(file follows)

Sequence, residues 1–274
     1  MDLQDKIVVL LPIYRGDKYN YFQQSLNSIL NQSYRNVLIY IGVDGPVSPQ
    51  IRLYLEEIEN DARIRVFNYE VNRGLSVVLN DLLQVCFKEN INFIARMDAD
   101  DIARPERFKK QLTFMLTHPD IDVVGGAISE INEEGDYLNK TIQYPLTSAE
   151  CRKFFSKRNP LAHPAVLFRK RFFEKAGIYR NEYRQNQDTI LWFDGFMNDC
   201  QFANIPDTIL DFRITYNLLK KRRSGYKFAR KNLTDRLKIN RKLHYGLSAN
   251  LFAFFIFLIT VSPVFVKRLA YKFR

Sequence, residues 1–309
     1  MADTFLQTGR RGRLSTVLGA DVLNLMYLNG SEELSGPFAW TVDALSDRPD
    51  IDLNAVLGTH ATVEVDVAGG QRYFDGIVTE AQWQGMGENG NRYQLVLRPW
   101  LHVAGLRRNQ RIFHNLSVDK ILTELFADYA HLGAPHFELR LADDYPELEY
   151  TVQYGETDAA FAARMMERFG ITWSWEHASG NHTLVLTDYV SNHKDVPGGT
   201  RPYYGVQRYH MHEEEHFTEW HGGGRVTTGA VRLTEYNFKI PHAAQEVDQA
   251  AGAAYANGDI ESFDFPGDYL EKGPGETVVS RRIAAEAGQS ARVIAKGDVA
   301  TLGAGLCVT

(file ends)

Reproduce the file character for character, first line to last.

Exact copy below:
Sequence, residues 1–274
     1  MDLQDKIVVL LPIYRGDKYN YFQQSLNSIL NQSYRNVLIY IGVDGPVSPQ
    51  IRLYLEEIEN DARIRVFNYE VNRGLSVVLN DLLQVCFKEN INFIARMDAD
   101  DIARPERFKK QLTFMLTHPD IDVVGGAISE INEEGDYLNK TIQYPLTSAE
   151  CRKFFSKRNP LAHPAVLFRK RFFEKAGIYR NEYRQNQDTI LWFDGFMNDC
   201  QFANIPDTIL DFRITYNLLK KRRSGYKFAR KNLTDRLKIN RKLHYGLSAN
   251  LFAFFIFLIT VSPVFVKRLA YKFR

Sequence, residues 1–309
     1  MADTFLQTGR RGRLSTVLGA DVLNLMYLNG SEELSGPFAW TVDALSDRPD
    51  IDLNAVLGTH ATVEVDVAGG QRYFDGIVTE AQWQGMGENG NRYQLVLRPW
   101  LHVAGLRRNQ RIFHNLSVDK ILTELFADYA HLGAPHFELR LADDYPELEY
   151  TVQYGETDAA FAARMMERFG ITWSWEHASG NHTLVLTDYV SNHKDVPGGT
   201  RPYYGVQRYH MHEEEHFTEW HGGGRVTTGA VRLTEYNFKI PHAAQEVDQA
   251  AGAAYANGDI ESFDFPGDYL EKGPGETVVS RRIAAEAGQS ARVIAKGDVA
   301  TLGAGLCVT